Selecting the Next Generation of Innovators

April 15, 2013

Our new class of AAUW fellowships and grants recipients may very well deliver award-winning authors, inventors, or Nobel Prize winners, and we look forward to supporting their careers. But we can’t celebrate the new class of fellows without acknowledging the support of the selection panelists who volunteer their time to review thousands of eligible applications.

These remarkable women and men are devoted to supporting women in graduate education, and many panel members have connections with AAUW. Previous AAUW fellows like Anamarija Frankić, the first AAUW International Fellow from Croatia, and Abbie Griffin, an award-winning marketing professor, bring unique perspective to the selection process. Many past recipients serve as panelists to give back to AAUW, including panelists like Margaret Conover, Shireen Lewis, Luana Maroja, Vanessa Perez, and Anita Superson.

We asked AAUW alumna and chair of the 2013 American Fellowships Natural Sciences Sub-Panel Casandra Rauser to offer some insight on what her fellowship meant to her and how she continues to give back to AAUW.

Q: How did you feel when you found out you received the 2004–05 fellowship?

A: I was ecstatic! I knew that it meant that I would have the time necessary to dedicate to finishing up my last experiments and writing the rest of my dissertation in the upcoming year. Prior to receiving the fellowship, I had worked as a teaching assistant to support myself nearly every other quarter of graduate school.

Q: What motivated you to serve as a panelist?

A: To give back, as cliché as that might sound. The fellowship was really important to me and I enjoy being a part of giving that feeling to other up-and-coming women in academia.

Q: How did your experience as a fellow inform you as a selection panelist?

A: It might seem funny, but I hold the applicants to the same level of excellence that I hold myself. My experience as a fellow, which included interactions with other AAUW fellows and local chapters, helped me understand the importance of actively mentoring other women and dedicating time to promoting the advancement of women. Being a woman in academia is not enough — one must be a woman AND actively be involved in activities that mentor women and promote women in academia. That is, simply being a woman does not necessarily make you a good role model.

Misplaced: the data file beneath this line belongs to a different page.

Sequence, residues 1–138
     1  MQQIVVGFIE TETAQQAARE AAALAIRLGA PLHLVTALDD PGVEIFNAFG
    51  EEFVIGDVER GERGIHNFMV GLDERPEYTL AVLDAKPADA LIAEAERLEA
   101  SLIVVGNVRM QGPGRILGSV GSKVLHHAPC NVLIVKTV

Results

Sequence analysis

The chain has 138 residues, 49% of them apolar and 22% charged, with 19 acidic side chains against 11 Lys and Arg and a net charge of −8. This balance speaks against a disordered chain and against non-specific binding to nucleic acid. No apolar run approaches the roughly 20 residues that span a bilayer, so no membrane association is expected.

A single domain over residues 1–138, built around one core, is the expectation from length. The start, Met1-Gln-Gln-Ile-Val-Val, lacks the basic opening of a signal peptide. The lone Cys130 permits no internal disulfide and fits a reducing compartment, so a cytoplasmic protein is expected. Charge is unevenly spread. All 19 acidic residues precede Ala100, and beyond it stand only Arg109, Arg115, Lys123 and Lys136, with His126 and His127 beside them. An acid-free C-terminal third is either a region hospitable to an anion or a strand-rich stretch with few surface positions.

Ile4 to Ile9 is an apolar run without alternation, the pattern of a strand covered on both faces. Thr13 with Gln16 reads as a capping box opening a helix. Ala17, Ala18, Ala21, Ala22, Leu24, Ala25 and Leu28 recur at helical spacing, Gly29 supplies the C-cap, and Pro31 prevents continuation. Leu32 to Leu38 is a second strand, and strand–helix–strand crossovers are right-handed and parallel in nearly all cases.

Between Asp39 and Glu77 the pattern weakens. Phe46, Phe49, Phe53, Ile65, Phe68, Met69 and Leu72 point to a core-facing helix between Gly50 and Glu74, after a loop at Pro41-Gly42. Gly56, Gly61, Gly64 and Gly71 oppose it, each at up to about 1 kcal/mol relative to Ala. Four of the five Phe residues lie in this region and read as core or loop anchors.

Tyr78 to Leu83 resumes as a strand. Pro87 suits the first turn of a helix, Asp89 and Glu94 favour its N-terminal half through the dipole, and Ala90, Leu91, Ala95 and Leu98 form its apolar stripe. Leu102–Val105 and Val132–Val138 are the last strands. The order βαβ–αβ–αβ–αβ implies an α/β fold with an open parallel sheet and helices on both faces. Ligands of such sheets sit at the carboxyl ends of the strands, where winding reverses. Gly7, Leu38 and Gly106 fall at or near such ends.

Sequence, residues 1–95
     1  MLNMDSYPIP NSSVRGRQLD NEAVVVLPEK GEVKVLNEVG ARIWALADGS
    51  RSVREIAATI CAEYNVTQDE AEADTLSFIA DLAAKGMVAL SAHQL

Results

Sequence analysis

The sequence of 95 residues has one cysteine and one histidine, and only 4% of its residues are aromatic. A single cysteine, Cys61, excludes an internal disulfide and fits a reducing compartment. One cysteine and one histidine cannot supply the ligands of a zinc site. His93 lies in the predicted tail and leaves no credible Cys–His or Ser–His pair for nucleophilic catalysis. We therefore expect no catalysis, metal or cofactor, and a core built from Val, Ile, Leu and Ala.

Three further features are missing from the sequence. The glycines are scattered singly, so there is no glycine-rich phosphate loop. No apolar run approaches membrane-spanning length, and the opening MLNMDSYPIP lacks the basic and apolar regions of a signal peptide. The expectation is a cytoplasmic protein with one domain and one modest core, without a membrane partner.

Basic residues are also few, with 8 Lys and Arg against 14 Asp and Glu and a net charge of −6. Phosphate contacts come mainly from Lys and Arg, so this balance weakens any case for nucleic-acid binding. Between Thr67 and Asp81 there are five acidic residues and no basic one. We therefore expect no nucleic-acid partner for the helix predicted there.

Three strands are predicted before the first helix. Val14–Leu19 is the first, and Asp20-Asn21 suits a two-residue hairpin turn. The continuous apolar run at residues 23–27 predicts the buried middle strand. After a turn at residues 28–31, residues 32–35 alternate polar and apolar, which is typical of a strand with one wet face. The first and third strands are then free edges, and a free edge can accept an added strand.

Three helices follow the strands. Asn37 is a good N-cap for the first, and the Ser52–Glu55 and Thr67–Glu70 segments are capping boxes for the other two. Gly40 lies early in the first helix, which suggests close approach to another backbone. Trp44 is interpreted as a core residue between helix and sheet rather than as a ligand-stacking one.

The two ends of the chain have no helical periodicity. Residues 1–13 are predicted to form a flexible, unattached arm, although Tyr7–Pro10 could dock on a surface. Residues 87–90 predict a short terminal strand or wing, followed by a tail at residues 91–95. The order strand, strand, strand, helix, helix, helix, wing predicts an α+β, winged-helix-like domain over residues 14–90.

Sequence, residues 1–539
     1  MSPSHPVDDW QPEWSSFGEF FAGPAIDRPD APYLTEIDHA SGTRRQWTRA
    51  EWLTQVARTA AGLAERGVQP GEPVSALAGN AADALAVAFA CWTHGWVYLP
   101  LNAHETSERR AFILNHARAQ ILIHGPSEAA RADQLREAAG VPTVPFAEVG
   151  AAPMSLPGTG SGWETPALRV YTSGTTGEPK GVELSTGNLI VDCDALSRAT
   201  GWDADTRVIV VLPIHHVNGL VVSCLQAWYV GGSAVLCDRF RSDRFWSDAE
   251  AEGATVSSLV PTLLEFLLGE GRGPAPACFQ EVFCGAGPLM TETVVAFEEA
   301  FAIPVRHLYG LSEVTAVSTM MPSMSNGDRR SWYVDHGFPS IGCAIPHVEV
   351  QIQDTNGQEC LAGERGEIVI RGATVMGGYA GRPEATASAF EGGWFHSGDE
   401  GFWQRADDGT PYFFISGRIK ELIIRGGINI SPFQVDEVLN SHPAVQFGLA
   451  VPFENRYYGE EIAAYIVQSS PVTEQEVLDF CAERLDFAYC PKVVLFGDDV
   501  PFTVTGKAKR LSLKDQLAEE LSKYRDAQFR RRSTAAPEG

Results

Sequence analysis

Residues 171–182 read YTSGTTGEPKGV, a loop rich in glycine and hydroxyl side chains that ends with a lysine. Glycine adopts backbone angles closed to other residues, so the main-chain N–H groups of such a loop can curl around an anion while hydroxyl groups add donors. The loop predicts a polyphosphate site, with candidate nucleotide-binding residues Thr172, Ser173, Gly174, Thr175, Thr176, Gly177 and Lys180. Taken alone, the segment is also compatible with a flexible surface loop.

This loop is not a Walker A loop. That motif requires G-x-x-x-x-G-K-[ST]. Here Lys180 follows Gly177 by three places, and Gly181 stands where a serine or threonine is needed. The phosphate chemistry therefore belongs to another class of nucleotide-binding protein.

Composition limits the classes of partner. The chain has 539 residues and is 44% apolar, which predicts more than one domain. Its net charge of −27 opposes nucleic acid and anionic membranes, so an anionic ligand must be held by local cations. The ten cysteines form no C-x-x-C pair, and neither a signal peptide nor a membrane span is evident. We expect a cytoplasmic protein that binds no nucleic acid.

Q: What have you learned from being a selection panelist?

A: That some women out there are doing interesting, creative, and unique activities to mentor and promote women. We need more women like them!

Q: Do you have any advice for our new class of fellows?

A: Continue to do what you are doing and take advantage of all that AAUW and other women’s organizations have to offer you regarding personal and professional development. Learn to negotiate your first salary and take advice on achieving work-life balance.

Q: 2013 marks the 125th anniversary of the AAUW Fellowships and Grants department. How do you feel, being a part of this history?

A: Incredible. This is really a remarkable organization to be affiliated with. Monetarily supporting women in academics is only one of many impressive items on the AAUW agenda.


Many thanks (and our congratulations!) to Casandra Rauser for taking the time to speak with us as she awaited the arrival of her new baby, who was born soon after we conducted this interview!